Storing Up the OS
Microsoft is expected to discuss the bundling of storage technologiesincluding Fibre Channel and RAID drivers, iSCSI support, data shadowing, host bus adapters, and APIsinto Windows .Net servers at WinHEC in April.
A more immediate plan for the Redmond, Wash., company is to expand the existing API for Server Appliance Kit 2.0 this summer to enable storage management software, sources close to the company said.
The plans follow the formation this winter of an Enterprise Storage Services Group within Microsoft, headed by Bob Muglia, former head of Microsofts .Net team.
Microsoft officials declined to comment on the storage initiative, but analysts who have had discussions with the company about storage issues say the plans make sense.
"Theres no question in my mind that Microsoft has interest in the storage space. Its one of the very few areas where the growth is still very strong," said Arun Taneja, an analyst with Enterprise Storage Group Inc., in Milford, Mass.
Randy Kearns, an analyst with Evaluator Group Inc., in Greenwood Village, Colo., said integrating storage management software into the operating system will help enterprises.
Microsofts storage strategy is fueled by its desire to push Windows .Net servers deeper into data centers. To do that, the company needs to define and execute a storage plan, according to analysts and Microsoft partners.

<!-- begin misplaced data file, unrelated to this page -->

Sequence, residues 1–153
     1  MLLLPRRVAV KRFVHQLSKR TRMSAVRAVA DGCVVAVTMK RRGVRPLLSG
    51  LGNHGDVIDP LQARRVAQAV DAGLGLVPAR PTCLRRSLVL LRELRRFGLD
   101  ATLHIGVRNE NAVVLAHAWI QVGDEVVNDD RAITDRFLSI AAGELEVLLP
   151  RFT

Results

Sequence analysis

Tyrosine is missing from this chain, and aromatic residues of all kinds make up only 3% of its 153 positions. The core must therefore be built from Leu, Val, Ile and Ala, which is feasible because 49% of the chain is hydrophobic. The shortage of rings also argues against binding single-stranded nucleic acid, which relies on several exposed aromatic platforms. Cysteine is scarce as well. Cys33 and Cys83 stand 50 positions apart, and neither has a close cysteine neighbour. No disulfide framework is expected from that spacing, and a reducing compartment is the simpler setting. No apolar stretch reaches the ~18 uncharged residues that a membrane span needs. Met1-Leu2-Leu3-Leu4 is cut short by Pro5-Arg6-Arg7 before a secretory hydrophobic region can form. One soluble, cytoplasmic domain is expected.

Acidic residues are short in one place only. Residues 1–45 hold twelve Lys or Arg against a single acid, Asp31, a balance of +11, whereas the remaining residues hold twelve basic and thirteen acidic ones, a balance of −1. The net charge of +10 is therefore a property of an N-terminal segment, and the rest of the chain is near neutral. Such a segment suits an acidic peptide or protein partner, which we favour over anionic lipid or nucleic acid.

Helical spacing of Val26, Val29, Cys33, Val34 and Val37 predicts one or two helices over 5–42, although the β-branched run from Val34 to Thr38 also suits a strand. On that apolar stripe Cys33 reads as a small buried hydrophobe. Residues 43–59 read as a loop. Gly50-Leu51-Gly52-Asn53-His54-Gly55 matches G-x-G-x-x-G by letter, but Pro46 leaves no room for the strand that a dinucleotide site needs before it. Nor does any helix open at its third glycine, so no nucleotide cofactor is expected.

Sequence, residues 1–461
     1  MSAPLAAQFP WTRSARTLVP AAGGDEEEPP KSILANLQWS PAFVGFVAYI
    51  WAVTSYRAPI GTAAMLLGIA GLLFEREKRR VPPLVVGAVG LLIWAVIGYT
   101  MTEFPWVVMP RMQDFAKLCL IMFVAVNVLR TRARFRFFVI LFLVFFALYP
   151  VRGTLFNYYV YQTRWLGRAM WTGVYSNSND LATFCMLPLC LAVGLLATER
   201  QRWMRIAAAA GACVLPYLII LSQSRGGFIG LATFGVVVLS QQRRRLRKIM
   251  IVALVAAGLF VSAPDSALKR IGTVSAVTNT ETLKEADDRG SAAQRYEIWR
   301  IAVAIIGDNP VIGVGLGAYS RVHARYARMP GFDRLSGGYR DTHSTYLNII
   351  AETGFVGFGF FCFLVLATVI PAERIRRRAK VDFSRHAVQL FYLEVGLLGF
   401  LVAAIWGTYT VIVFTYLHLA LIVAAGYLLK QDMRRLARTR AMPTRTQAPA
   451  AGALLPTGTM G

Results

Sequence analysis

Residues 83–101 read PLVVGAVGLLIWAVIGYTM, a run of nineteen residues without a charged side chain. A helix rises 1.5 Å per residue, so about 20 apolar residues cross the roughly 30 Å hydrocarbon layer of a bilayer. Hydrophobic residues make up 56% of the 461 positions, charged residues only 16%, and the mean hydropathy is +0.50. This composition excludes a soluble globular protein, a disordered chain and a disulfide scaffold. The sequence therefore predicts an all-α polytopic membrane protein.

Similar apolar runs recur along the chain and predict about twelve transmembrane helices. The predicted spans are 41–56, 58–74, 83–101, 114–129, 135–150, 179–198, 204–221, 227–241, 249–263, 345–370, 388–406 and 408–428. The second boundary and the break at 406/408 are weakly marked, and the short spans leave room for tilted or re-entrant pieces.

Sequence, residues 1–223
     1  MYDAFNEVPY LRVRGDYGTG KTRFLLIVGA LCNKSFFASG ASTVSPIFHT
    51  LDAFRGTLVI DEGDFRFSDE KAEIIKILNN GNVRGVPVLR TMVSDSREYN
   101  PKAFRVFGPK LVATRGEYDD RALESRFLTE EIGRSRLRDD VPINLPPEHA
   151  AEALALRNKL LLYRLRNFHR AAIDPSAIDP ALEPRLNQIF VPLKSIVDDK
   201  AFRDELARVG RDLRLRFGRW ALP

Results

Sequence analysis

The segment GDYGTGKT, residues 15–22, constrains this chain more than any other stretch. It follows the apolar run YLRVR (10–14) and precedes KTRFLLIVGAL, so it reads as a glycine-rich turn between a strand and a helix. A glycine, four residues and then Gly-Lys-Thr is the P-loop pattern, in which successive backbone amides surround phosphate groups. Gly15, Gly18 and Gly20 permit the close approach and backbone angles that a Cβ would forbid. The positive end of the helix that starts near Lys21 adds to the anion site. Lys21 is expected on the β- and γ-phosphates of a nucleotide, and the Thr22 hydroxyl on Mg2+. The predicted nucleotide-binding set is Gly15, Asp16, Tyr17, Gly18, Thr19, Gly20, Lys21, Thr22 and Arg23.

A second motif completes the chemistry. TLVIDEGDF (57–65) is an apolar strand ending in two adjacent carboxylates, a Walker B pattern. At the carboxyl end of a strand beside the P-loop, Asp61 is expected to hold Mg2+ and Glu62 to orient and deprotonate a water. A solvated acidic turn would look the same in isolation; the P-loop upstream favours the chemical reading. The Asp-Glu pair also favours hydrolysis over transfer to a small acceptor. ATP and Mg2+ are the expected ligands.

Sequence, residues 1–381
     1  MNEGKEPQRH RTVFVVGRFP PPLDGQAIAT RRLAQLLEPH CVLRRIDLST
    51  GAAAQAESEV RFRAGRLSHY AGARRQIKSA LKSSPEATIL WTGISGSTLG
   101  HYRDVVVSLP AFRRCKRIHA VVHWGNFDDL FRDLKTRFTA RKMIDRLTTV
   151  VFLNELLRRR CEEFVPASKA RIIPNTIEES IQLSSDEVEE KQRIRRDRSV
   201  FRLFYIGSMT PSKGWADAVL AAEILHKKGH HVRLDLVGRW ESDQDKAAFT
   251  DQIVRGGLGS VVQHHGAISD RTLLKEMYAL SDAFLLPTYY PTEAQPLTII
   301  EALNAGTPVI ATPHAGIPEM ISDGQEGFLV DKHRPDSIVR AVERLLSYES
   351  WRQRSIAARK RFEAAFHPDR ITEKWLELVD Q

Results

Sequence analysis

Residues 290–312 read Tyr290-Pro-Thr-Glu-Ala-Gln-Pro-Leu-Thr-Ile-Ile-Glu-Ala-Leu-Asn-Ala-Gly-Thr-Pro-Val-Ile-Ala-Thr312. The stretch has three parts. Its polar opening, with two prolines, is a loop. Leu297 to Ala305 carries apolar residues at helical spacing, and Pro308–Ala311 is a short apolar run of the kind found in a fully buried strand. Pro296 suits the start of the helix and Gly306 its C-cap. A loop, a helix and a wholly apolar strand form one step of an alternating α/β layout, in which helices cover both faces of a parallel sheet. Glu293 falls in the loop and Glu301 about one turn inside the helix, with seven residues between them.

"This is real big news," Kearns said. "[The] OS will take on the snapshot capabilitytypically those features from the storage systems are extra-charge items. That says all these extra features that you put into the storage system from [competitors] that are more money, you can really get from the OS. It may be more toward driving storage to commodity."
In the Linux universe, Red Hat plans to add file journaling, volume management and iSCSI to its Linux distribution this summer, said Brian Stevens, director of engineering at Red Hat, in Tyngsboro, Mass. Red Hat also has plans that are two to three years out for a unified storage management architecture for technologies such as virtualization and data replication, Stevens said.
Bill LHotta, enterprise server engineer at Lucent Technologies Inc., sees advantages to storage management moving into server operating systems.
LHotta, in Naperville, Ill., runs terabytes of storage on Compaq Computer Corp., EMC Corp., Hitachi Ltd. and Sun Microsystems Inc. systems, all attached to Solaris and Windows servers. "The ability to expand, migrate and do serverless backups is whats important to me," he said.
"What I really see as the big upside is that right now, if I have a problem, I might have to consult with the vendor of the hardware, the vendor of the host bus adapters, the vendor of the back-end switch. If we could eliminate one of those, thats certainly going to simplify my life," LHotta said.
For storage vendors, the Microsoft and Red Hat moves are a blessing for some and a curse for others. Operating systems with native storage hardware drivers could aid host bus adapter vendors such as Emulex Corp., JNI Corp. and QLogic Corp.
Native management features and programming interfaces, however, could undermine makers of the storage units, such as Compaq, EMC, Hitachi, IBM and Network Appliance Inc., all of which have storage management software initiatives of their own.